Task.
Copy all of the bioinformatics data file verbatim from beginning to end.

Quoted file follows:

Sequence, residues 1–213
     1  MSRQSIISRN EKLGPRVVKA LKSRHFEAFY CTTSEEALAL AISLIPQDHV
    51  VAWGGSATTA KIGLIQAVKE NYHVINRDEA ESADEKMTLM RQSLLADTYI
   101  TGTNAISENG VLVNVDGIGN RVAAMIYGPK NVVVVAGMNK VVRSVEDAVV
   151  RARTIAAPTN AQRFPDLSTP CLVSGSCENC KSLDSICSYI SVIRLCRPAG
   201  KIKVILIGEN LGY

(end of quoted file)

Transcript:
Sequence, residues 1–213
     1  MSRQSIISRN EKLGPRVVKA LKSRHFEAFY CTTSEEALAL AISLIPQDHV
    51  VAWGGSATTA KIGLIQAVKE NYHVINRDEA ESADEKMTLM RQSLLADTYI
   101  TGTNAISENG VLVNVDGIGN RVAAMIYGPK NVVVVAGMNK VVRSVEDAVV
   151  RARTIAAPTN AQRFPDLSTP CLVSGSCENC KSLDSICSYI SVIRLCRPAG
   201  KIKVILIGEN LGY